Questions If your answer is:

1. Was one of the Canadian citizen adoptive parents born in Canada or granted Canadian citizenship (except for a grant of Canadian citizenship under section 5.1, the adoption provisions of the Citizenship Act) before the adopted person’s adoption?

YES. This section does not apply to you. Please proceed to the next section of this instruction guide.

NO. Proceed to question 2.

2. Was one of the Canadian citizen adoptive parents a Crown servant (employed outside Canada in or with the Canadian Armed Forces, the federal public administration or the public service of a province or territory, other than as a locally engaged person) at the time of the adopted person’s adoption?

YES. This section does apply to you. Proof of the adoptive parent’s employment at the time of the adopted person’s adoption is required. Refer to the list of acceptable documents below.

NO. Proceed to question 3.

3. Was one of the Canadian citizen adoptive grandparents a Crown servant (employed outside Canada in or with the Canadian Armed Forces, the federal public administration or the public service of a province or territory, other than as a locally engaged person) at the time of the Canadian citizen adoptive parent’s birth or adoption outside Canada?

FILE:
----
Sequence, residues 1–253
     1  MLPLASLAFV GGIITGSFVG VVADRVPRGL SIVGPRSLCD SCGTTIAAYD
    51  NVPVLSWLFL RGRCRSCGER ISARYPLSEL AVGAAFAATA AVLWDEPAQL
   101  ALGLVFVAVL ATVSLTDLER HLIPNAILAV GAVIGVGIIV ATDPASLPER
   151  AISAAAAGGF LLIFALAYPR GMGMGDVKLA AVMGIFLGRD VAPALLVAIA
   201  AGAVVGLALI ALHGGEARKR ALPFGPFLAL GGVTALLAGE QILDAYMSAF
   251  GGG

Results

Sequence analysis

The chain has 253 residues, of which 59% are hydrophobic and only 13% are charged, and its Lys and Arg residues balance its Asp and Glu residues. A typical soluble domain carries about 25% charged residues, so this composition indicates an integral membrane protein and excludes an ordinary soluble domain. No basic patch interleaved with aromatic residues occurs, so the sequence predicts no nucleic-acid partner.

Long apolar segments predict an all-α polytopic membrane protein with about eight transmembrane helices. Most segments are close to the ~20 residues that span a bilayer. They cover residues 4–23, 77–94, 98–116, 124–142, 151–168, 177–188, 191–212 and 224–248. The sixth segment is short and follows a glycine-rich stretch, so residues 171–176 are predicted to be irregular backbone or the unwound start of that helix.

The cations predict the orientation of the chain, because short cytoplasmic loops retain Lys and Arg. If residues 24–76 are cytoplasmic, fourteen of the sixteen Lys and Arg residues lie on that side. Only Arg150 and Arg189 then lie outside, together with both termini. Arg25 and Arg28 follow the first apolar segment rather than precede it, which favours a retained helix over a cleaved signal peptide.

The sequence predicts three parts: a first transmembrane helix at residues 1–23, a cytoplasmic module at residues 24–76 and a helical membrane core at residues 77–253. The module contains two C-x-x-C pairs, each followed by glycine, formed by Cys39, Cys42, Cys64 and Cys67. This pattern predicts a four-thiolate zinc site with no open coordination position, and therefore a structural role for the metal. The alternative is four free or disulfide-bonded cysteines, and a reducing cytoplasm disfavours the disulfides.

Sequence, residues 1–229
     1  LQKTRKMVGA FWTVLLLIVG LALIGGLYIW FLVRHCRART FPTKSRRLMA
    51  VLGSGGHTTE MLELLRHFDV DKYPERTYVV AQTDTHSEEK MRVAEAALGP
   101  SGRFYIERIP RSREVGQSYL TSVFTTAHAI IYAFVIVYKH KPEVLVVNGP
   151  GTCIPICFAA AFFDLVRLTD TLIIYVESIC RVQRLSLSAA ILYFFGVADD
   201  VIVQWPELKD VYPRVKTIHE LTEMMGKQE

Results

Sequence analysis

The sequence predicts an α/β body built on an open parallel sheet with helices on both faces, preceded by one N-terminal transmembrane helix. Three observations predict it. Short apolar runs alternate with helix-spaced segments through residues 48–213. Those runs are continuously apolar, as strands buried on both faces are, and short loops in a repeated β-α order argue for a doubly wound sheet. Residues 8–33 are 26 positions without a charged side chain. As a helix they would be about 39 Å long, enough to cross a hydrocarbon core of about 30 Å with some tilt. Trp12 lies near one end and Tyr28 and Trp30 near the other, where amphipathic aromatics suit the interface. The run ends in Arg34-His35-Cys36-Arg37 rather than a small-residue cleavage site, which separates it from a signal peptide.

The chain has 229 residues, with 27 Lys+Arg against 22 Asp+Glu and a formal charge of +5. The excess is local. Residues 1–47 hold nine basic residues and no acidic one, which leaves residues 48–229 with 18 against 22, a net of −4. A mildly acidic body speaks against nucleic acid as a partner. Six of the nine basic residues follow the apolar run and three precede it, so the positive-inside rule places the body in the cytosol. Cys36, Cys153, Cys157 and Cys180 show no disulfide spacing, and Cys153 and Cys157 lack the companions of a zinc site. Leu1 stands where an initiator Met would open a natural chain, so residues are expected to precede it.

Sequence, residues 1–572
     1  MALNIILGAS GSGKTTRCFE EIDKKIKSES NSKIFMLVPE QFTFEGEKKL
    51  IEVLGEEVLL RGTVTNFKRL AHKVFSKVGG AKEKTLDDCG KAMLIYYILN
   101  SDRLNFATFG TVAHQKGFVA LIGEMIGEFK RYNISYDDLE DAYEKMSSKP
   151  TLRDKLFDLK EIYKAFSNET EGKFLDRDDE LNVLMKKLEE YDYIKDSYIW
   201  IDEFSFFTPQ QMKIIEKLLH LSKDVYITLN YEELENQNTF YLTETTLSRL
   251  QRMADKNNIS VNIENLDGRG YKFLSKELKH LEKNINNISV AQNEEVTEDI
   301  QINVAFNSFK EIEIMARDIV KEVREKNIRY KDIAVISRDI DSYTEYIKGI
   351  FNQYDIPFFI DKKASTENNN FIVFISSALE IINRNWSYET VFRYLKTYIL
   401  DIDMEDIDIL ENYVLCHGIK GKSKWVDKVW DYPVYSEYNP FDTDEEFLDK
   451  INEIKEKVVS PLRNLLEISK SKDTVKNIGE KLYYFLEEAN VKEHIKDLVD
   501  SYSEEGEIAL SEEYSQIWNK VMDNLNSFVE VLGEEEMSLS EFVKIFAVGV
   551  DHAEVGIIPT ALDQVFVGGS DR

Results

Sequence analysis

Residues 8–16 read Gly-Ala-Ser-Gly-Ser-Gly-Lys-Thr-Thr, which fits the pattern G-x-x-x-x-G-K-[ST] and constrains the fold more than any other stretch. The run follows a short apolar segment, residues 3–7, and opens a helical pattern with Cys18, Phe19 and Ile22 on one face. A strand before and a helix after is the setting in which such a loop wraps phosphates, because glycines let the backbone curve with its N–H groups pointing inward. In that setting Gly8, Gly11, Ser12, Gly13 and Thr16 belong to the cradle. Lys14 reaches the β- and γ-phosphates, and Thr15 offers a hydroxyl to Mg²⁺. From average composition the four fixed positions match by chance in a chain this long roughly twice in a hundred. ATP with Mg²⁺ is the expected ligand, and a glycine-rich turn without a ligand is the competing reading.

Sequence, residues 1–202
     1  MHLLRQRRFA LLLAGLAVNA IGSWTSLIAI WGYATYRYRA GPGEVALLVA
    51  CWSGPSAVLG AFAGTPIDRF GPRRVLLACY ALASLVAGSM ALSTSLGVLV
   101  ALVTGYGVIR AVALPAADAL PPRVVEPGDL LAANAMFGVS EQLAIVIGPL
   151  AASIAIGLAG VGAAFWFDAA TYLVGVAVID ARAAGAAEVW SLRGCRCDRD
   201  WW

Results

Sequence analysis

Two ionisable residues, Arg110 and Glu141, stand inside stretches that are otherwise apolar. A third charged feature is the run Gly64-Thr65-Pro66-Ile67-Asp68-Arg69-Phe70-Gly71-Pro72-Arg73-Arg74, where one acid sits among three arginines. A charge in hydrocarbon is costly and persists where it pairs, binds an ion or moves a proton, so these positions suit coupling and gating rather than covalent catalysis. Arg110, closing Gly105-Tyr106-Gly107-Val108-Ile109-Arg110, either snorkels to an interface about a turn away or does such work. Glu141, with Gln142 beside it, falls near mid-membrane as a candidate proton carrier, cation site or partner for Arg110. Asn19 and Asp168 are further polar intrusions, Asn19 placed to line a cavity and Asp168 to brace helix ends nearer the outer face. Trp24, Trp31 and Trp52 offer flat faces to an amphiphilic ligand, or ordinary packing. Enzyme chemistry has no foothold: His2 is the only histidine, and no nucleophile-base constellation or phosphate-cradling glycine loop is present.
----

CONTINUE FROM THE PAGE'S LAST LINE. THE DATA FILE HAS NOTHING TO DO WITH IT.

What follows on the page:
YES. This section does apply to you. Proof of the grandparent’s employment at the time of the adoptive parent’s birth or adoption is required. Refer to the list of acceptable documents below.

NO. This section does not apply to you. Please proceed to the next section of this instruction guide.

Proof of parent or grandparent’s employment as a Crown servant

The employment document must be issued by the responsible authority (the employer) and contain the following information:

  • Names of the Canadian citizen adoptive parent or of the parent of the Canadian citizen adoptive parent (the adopted person’s grandparent), as applicable; and
  • Start date, employment duration and title of the position they held in or with the Canadian Armed Forces, the federal public administration or the public service of a province or territory; and
  • Transfer date, employment duration and title of the position they held outside Canada in or with the Canadian Armed Forces, the federal public administration or the public service of a province or territory.

Step 2. Complete the application